******

[1] The Hindu, in “Govt. treads warily on RTE amendment” dated 21st August 15.

[2] The Hindu BusinessLine, in “States want revocation of no-detention policy in schools”, 21st August 15

[3] The Hindu, in “Panel for phased implementation of no-detention policy in schools”, 18th August 15.

[4] The Hindu BusinessLine, in “States want revocation of no-detention policy in schools”, 21st August 15

[5] RTE section 4.


A malfunctioning system in need of repair

September 14, 2014

Published in The Hindu http://www.thehindu.com/sunday-anchor/a-malfunctioning-system-in-need-of-repair/article6408307.ece

Rohit Dhankar

We may have to seriously re-evaluate our notion of quality itself and then match the systemic efforts…

The unsatisfactory quality of elementary education has been a serious concern for India at the least for the last four decades. Many quality improvement programmes have been devised and implemented at State and national levels; but they all left the quality lower than they found it.

The access in terms of children attending the schools has certainly improved. But it is mainly due to increased awareness of parents and mushrooming private schools that cash in on the parental aspirations.

The BJP, in its election manifesto of 2014, has promised to “meet the changing dynamics of the population’s requirement with regards to quality education” among other things.

Since then there are periodic announcements from HRD Minister Smriti Irani and Prime Minister Narendra Modi regarding curriculum improvement and policy review to ‘reorient education’ to meet the aspirations of the people. However, if we really want to improve the quality of education for all, we may have to seriously re-evaluate our notion of quality itself; and match the systemic efforts to achieve what we understand by it.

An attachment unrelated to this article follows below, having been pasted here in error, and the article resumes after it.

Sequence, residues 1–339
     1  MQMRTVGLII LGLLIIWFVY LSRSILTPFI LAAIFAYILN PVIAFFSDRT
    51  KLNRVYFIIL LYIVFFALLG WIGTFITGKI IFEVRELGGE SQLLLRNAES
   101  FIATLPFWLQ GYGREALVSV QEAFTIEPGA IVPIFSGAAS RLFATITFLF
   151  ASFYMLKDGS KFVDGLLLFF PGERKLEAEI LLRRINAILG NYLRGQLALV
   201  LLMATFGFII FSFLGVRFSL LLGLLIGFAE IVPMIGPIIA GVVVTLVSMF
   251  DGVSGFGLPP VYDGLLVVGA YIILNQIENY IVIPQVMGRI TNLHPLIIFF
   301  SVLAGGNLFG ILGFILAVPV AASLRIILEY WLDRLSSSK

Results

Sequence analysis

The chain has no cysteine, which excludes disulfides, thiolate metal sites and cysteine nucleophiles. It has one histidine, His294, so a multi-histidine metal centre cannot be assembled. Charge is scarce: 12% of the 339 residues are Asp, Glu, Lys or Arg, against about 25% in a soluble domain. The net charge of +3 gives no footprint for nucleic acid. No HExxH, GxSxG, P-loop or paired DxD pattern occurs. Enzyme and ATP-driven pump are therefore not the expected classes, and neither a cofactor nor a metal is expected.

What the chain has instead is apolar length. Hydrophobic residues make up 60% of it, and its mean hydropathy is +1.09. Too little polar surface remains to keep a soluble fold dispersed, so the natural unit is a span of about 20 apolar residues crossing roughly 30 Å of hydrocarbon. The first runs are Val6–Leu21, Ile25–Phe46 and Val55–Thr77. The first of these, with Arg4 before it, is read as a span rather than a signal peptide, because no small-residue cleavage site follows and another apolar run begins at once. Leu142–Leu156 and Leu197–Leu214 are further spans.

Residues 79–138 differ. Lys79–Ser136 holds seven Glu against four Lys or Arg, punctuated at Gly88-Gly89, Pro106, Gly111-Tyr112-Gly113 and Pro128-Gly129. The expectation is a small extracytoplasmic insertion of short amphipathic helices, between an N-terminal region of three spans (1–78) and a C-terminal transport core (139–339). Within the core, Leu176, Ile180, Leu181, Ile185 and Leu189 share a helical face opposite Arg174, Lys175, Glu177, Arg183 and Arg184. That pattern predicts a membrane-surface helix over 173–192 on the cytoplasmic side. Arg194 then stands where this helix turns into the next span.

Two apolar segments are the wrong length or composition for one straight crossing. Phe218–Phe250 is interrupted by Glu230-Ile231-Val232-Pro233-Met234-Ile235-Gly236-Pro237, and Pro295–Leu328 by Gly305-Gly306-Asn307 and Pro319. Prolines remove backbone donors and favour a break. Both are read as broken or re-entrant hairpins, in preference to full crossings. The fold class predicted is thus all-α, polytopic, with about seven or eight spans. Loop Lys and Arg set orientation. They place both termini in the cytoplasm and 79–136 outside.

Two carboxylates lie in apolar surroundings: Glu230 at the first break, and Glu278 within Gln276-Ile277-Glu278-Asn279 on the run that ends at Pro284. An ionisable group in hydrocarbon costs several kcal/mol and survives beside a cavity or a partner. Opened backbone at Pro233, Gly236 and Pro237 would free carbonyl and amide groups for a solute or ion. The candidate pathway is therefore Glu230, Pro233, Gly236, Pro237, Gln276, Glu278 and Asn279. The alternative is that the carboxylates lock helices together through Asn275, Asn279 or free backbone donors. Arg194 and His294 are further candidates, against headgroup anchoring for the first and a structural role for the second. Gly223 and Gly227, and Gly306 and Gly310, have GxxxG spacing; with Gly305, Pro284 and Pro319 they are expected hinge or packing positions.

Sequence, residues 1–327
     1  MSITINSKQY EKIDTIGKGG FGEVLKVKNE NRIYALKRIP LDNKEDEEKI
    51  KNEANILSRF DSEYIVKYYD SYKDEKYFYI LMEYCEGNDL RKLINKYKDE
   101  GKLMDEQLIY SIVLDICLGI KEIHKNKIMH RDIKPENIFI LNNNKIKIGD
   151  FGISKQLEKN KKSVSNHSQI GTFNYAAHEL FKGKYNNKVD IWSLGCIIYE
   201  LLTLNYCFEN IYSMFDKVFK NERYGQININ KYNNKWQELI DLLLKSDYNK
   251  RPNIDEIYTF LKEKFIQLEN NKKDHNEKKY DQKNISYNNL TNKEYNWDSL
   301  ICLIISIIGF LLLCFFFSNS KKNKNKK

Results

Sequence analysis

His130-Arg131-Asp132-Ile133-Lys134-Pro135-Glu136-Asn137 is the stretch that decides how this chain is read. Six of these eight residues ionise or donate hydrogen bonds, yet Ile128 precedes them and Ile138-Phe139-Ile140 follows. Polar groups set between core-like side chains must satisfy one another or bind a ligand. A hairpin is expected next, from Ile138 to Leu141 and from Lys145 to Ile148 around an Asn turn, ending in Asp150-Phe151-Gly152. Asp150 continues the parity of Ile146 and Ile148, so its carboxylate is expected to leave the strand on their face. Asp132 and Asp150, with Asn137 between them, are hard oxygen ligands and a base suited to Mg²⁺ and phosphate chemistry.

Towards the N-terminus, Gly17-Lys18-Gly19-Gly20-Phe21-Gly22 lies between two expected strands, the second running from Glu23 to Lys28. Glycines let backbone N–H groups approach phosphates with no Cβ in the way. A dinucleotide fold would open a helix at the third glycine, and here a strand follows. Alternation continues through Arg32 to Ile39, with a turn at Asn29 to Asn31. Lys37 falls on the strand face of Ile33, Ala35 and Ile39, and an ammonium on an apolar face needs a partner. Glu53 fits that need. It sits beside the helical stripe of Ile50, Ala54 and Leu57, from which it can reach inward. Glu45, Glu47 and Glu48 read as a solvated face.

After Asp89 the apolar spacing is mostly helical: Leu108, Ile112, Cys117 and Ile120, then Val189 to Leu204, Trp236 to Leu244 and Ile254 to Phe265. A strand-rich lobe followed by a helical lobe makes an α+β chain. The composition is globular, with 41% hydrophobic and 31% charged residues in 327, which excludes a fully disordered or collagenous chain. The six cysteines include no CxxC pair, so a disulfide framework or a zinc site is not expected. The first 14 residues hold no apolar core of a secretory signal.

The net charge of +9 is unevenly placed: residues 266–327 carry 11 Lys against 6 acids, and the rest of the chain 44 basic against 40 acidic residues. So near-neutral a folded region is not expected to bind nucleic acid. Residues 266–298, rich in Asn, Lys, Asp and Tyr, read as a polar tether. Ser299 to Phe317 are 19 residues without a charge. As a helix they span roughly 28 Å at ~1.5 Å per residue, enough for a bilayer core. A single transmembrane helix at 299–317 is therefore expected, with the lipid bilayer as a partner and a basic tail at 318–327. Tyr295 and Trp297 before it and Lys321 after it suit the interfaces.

The notion of quality

The popular discourse regarding quality today revolves around reports of certain large-scale achievement tests in language and arithmetic like ASER (Annual Status of Education Report) and the world-wide PISA (Program for International Student Assessment) for ranking; even though India does not participate in the PISA. These may indicate an important part of what needs to be achieved, but they also mislead efforts for improvement of quality in education. One, by narrowly focussing and therefore emaciating the very idea of quality; and, two, by creating an impression that one can improve scores in these tests by directly targeting such improvement. Education is a complex affair, the visible achievements often are the result of subterranean processes and belief systems operating in the system. Unless we pay attention to them, direct teaching-to-test may produce no substantial results.

In efforts to rethink quality we should note that, like everything else in education, quality also has a political dimension. Education systems are geared to larger social purposes. The definition of quality we will create for, say, turning India into ‘make-in-India’; whatever that might mean; may be very different from the one we create for ‘inclusive India’. There is no necessary contradiction between ‘make-in-India’ slogan and notion of ‘inclusive India’, but the emphasis does matter; and it is possible to forget the latter in the energetic pursuit of the first. The emphasis on inclusiveness in our education policy needs not only be safeguarded but also be deepened. The ‘make-in-India’ without inclusiveness is neither achievable nor worth striving for. This political orientation of education is an essential part of quality.

The second aspect of quality are the twin problems in our education system which have been lamented in virtually all committees/commissions reports and curricular documents since Independence — one, the plague of rote learning devoid of understanding; two, the disconnect between education and life.